You are here
Front Page 

STATE: Hurricane Irma

Lazaro Aleman: Greene Publishing, Inc.

Coming on the heels of the devastation caused by Hurricane Harvey in Houston, Tx., and with its force strengthened to a Category 5 storm early Tuesday morning, Florida officials are taking no chances with Hurricane Irma, which appears to be headed for this state.

On Monday, Sept. 4, Governor Rick Scott declared a state of emergency for the state’s 67 counties, including Madison County.

“Today, given the forecasts and the intensity of this storm, I have declared a state of emergency for every county in Florida to make certain that state, federal and local governments are able to work together and make sure resources are dispersed to local communities as we get prepared for this storm,” read Scott’s statement, posted on the flgov.com website.

“In Florida,” continued the Governor’s message, “we always prepare for the worst and hope for the best and, while the exact path of Irma is not absolutely known at this time, we cannot afford to not be prepared. This state of emergency allows our emergency management officials to act swiftly in the best interest of Floridians without the burden of bureaucracy or red tape.”

The Governor went on to urge Floridians and communities to remain vigilant and begin taking immediate precautions to safeguard critical infrastructures, as well as their properties and general welfare.

Emergency officials are warning that Irma has the potential to “dump up to 10 inches of rain, unleash landslides and dangerous flashfloods and generate waves of up to 23 feet as the storm draws closer.”

The storm was upgraded to a Category 5 storm early Tuesday morning, Sept 5. The latest models from the National Hurricane Center (NHC), as of Tuesday morning, showed the storm on track to hit the southern tip of the Florida peninsula, with Miami and the Keys particularly vulnerable.

“There is an increasing chance of seeing some impacts from Irma in the Florida Peninsula and the Florida Keys later this week and this weekend,” the NHC reported early Tuesday. “In addition, rough surf and dangerous marine conditions will begin to affect the southeastern US coast by later this week.”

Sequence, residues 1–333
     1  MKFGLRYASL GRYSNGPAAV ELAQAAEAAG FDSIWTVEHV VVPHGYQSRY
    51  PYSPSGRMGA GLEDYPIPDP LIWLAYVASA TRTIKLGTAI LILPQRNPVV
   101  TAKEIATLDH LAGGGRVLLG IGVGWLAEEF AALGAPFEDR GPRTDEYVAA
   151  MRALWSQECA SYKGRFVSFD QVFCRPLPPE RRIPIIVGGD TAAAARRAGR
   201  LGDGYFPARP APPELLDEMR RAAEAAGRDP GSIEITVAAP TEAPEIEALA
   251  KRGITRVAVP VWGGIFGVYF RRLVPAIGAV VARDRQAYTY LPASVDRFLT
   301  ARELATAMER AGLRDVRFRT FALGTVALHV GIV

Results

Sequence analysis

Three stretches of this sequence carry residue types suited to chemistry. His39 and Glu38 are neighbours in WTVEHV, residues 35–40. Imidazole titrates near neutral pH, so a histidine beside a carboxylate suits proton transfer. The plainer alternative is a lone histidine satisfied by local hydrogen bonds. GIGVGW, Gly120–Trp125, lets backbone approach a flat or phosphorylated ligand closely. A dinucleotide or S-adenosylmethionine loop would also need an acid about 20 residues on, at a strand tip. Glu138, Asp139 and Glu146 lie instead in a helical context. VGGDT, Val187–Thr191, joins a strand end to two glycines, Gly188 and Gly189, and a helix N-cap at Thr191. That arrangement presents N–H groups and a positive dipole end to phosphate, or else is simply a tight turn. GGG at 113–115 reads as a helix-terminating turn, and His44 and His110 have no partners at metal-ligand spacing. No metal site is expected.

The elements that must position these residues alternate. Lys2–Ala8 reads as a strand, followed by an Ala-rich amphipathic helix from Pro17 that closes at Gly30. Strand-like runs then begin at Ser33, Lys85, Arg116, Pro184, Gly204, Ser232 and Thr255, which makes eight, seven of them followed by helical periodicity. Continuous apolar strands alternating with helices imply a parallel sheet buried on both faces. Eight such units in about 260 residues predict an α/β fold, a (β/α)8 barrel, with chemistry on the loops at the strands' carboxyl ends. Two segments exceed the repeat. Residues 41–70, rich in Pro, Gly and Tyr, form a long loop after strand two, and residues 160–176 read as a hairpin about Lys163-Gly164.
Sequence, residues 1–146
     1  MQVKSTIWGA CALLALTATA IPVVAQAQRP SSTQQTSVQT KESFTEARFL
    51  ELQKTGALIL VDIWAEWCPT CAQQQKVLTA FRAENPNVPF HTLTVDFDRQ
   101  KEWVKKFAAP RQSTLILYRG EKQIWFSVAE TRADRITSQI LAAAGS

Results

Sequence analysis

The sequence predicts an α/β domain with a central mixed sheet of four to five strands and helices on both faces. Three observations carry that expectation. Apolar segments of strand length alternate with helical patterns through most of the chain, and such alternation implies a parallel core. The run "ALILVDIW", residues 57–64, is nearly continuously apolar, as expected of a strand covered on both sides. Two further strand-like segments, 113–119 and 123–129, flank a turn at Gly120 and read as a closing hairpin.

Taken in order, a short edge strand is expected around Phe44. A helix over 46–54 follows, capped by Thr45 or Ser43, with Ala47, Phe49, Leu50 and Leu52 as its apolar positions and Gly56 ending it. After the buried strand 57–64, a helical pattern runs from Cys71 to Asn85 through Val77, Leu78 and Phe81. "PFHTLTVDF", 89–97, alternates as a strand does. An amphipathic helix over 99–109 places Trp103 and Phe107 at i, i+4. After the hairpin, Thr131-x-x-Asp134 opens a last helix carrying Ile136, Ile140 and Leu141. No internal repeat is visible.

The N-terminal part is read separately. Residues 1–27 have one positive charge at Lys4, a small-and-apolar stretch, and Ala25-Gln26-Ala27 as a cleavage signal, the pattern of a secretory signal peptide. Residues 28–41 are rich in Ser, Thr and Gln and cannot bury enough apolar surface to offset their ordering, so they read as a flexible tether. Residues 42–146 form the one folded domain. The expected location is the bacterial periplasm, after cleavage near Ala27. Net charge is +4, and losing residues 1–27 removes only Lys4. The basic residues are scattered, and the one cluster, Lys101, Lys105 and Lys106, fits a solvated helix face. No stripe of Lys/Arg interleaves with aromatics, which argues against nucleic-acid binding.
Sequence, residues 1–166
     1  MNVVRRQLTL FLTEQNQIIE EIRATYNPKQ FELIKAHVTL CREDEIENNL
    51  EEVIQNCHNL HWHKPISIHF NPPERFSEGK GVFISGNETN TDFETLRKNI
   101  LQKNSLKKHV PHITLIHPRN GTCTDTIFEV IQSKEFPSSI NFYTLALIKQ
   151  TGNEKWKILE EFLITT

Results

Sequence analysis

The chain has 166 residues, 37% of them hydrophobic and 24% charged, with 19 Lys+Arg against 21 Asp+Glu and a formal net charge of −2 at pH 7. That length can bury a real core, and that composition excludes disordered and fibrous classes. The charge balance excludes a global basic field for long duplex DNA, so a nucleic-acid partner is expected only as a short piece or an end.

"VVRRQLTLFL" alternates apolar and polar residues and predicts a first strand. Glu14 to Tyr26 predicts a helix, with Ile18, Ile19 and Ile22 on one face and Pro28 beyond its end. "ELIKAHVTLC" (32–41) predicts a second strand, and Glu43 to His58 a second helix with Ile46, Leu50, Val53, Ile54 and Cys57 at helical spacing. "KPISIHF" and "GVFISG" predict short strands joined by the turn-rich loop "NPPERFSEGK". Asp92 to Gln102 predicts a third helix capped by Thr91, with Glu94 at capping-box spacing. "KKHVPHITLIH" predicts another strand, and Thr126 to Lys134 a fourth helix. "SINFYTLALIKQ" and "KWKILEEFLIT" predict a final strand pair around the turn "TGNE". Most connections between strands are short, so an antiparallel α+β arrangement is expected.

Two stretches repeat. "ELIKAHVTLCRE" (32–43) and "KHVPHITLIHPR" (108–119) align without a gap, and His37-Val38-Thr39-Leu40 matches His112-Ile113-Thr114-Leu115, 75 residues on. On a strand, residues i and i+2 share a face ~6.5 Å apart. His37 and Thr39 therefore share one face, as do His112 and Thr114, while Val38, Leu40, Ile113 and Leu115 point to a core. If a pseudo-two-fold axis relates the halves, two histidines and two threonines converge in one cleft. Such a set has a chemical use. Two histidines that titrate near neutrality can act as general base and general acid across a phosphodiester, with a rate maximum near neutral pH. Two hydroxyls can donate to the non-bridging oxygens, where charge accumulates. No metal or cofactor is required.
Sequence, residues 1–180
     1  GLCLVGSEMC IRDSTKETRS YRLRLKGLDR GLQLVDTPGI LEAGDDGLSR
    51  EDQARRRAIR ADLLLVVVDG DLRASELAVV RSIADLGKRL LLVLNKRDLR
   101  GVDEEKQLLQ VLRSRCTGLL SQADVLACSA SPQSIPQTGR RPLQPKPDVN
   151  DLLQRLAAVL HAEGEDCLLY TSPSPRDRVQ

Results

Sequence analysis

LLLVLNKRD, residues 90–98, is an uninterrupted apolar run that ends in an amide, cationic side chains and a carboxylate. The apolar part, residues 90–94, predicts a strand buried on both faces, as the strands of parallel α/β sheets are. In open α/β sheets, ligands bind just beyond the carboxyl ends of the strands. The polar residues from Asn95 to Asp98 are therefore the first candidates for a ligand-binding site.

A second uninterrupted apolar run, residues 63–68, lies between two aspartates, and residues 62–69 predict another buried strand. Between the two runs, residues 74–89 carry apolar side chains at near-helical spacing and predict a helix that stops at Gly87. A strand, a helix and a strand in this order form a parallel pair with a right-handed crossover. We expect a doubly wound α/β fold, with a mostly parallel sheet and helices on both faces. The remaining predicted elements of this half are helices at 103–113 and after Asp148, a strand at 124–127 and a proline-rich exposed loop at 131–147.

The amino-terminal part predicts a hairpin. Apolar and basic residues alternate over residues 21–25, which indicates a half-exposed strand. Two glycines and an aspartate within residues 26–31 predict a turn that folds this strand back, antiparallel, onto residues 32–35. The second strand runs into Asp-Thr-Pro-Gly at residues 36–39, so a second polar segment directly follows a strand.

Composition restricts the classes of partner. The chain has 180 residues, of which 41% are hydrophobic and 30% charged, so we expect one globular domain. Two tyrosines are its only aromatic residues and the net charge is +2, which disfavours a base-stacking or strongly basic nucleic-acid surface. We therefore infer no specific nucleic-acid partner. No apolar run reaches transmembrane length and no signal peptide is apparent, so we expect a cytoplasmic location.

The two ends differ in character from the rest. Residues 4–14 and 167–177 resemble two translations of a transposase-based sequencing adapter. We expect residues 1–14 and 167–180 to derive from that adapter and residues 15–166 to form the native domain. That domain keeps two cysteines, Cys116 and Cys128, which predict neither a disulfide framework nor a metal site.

It’s also possible that the storm could track up the state or across into the Gulf of Mexico, according to other models. Officials say it’s simply too early to determine its exact path.

Even so, the latest storm track from the NHC projects that Irma could reach Florida by 10 p.m. Saturday, Sept. 9. At last report, the storm had sustained winds of 175 mph and was expected to strengthen over the next few days.

The last time a hurricane of this magnitude hit Florida was Hurricane Andrew in 1992, a Category 5 storm that caused untold property damage and loss of life in South Florida, particularly in the Miami area.

Since then, two other monster storms have devastated U.S. cities, Hurricane Katrina hitting New Orleans in 2005, and Hurricane Harvey hitting Houston just last week.

Experts say that if Irma makes landfall in Florida as a Category 4 or 5 storm, it will be the first time in 102 years that two hurricanes of such magnitude hit the mainland in the same year.

Whatever one’s political persuasion or belief system, whether one attributes these monster storms to global warming or natural cyclical patterns, there can be no debate that they appear to be occurring more frequently.

Share this:

Related posts

error: right click disabled!!